By Carl Summers
Through the train window Amanda watched the English countryside roll by. Her last trip to London was with her parents four years earlier when she was ten. It was better then. Now she was alone, except for Maggie.
A black and white kitten slept on her lap. She was a Christmas gift from a sympathetic school chum. Amanda hoped Maggie would sleep the entire trip. ‘Won’t Trevor be surprised!’ she thought. He didn’t know she was bringing Maggie. But he also didn’t know she wasn’t eighteen, or that she planned on staying.
As the train jostled past small towns and rock fenced farms, Amanda began reflecting over the previous year. Her mother had died unexpectedly in early spring. Her father began spending more time at the pub. That’s where he met Elsa. By fall they were married. Elsa had insisted.
That’s when it all started, she thought. At first, she and Elsa got along fine. Then, Elsa became more and more demanding. Not only of her, but also her father. Amanda wondered if that was why he had started working the late shift.
Because of Elsa’s constant demands and complaining about her appearance, among other things, Amanda cropped her hair short. It was all the rage at school. Besides, it set her apart from Elsa and her long “out of a bottle” dishwater blond hair. Her boyish looks now provided her a naive sense of security.
Richard Doyle saw the contention between Elsa and Amanda when he arrived home each day. But, being a peaceful bloke, he was unwilling to say or do anything. To avoid the conflict, he started working the late shift. That way he would be gone evenings when the two were together. It was his peaceful solution.
When Richard worked the late shift, Elsa went to the pub and Amanda began an online friendship with Trevor. Trevor was a twenty-two-year old chef from Nigeria. Amanda told Trevor she was an eighteen year old waitress from Portsmouth. It was partly true. She was from Portsmouth.
When the train reached Petersfield, Amanda began thinking about the accident at the shipyard. Her father was severely injured before Christmas when a crane dropped a heavy load. Amanda and Elsa rushed to the hospital where surgeons operated to save his life. It would be a long recovery. The good news was he would live – but be paralyzed.
Amanda remembered how Elsa nagged her father to get his papers in order. “Just in case something else happens”, was the way she put it. Richard dutifully updated his insurance and also put Elsa’s name on the house.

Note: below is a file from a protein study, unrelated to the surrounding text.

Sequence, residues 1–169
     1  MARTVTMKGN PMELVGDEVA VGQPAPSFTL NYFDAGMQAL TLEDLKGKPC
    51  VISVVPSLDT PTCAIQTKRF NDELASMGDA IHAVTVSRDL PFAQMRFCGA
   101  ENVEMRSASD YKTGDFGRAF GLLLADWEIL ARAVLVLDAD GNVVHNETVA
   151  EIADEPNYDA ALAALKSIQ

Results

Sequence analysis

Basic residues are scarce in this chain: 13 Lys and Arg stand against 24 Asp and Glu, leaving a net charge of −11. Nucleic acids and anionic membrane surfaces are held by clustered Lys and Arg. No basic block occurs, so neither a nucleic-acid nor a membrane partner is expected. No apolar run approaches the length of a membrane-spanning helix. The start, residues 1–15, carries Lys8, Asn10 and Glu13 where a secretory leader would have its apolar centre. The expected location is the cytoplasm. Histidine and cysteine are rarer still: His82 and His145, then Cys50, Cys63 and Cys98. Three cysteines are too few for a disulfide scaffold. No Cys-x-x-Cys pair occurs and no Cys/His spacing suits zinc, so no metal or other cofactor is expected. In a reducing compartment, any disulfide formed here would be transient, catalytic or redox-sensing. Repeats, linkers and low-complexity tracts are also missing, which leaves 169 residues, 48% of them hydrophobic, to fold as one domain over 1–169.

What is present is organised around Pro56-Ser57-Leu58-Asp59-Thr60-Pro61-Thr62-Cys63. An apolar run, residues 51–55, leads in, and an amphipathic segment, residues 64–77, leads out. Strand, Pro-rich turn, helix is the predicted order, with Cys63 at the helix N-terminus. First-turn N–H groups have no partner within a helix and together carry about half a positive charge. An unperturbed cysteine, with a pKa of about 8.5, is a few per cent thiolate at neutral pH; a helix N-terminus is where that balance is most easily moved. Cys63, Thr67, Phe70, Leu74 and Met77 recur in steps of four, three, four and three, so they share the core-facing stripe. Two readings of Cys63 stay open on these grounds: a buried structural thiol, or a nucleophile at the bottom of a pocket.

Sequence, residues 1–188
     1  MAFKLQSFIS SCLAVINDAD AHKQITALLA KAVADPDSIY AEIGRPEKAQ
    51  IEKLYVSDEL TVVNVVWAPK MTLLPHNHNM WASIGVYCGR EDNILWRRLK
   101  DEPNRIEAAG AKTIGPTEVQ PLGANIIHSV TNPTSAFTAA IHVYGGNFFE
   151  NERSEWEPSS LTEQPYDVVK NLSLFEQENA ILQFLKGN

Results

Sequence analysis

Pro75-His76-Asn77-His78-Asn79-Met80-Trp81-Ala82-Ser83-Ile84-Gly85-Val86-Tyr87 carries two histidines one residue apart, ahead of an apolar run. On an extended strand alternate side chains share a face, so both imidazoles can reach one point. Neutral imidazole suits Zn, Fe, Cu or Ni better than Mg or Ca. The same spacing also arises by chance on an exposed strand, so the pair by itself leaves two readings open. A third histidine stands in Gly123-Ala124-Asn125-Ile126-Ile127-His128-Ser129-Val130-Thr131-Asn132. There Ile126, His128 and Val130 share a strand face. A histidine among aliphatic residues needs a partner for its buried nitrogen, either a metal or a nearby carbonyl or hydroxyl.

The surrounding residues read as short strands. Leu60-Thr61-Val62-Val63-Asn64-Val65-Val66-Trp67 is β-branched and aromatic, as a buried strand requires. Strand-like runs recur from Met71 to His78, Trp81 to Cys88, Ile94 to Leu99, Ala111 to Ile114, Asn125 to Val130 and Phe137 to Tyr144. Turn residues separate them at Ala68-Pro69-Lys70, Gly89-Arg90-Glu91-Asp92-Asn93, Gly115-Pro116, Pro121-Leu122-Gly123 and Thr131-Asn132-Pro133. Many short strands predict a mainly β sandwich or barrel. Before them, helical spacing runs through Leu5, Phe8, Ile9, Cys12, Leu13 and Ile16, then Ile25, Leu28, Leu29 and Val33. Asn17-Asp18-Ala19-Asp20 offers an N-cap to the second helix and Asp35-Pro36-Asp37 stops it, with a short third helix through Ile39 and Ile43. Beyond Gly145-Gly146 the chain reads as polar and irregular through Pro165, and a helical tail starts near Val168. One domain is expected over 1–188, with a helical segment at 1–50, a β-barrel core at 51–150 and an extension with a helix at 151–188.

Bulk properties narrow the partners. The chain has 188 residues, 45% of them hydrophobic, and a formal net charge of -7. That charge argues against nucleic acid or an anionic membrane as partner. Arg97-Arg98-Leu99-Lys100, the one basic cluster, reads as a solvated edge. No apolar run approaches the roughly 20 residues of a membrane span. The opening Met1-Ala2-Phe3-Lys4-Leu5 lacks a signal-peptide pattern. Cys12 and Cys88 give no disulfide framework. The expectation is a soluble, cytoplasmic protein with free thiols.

Then the something else did happen. At the end of February, Richard Doyle died. Doctors weren’t certain, but said it was probably pneumonia. Amanda was devastated. She consoled herself with Maggie and her online relationship with Trevor. Elsa went to the pub.
Soon, Elsa began dating Greg, a former shipyard worker. Rumors circulated that Greg was fired after an accident for failing to operate a crane properly. Amanda hated the way Greg seemed to smirk at her when he came by for Elsa. She was always glad when they left. It gave her time with Trevor. But she always dreaded their return.
In the wee hours on Sunday mornings, Amanda would hear the front door crash open. The two would burst through laughing and talking loudly. They would stumble through the living room falling down and knocking things over. “Shush, we mus’n wake Mana”, Elsa would slur out in a loud whisper.
Plugging her ears would not drown out the muffled sounds from her parent’s bedroom. The two always slept until way past noon on Sundays, and then expected her to have breakfast ready. It had become too much for Amanda. In desperation she devised a plan.
The school term was ending soon, but she told Trevor she would take a week off from her “restaurant job” for a visit. They would meet at Piccadilly Circus close to where he worked.
To recognize each other, she would wear black and he would wear white. Amanda remembered the little joke Trevor had made. “You will be like salt in a pepper jar and I will be like pepper in a salt jar.”
She could hear his foreign accent through the text. “Oh, you are so clever, Trevor”, she had replied back. That thought made her laugh aloud waking the black and white kitten along with the two sleeping nuns in her compartment.
The train was late reaching London station that Sunday afternoon. Unsure of her surroundings, Amanda wandered toward Piccadilly Circus after asking for directions, then taking a double decker. Eventually she departed the bus on Reagent Street and ran across the first two lanes.
She noticed a street photographer taking pictures of her in the median as she waited for oncoming traffic to pass, but she was too tired and hungry to care. Sobered with apprehension, she felt Maggie struggling to get free. The next car flew past. Amanda darted across with Maggie clutched in her hands.
The photographer had noticed the bed roll. ‘A girl of the streets,’ he thought not realizing he had captured innocence at a crucial moment. He would never know she was not just a girl crossing a street. She was a girl crossing from a desperate past to an uncertain future.
Amanda rounded the corner where Reagent Street merged with Piccadilly. It was dark and she had to reach Trevor before the fog and drizzle turned to rain. He promised he’d be waiting.
Ahead of her was the green ice cream stand just as Trevor described, and along side was the iron light pole! Suddenly he appeared in his white chef coat. He was waving wildly and she waved back.
“We made it Maggie!” she cried as she rushed forward to the embrace of Trevor’s outstretched arms.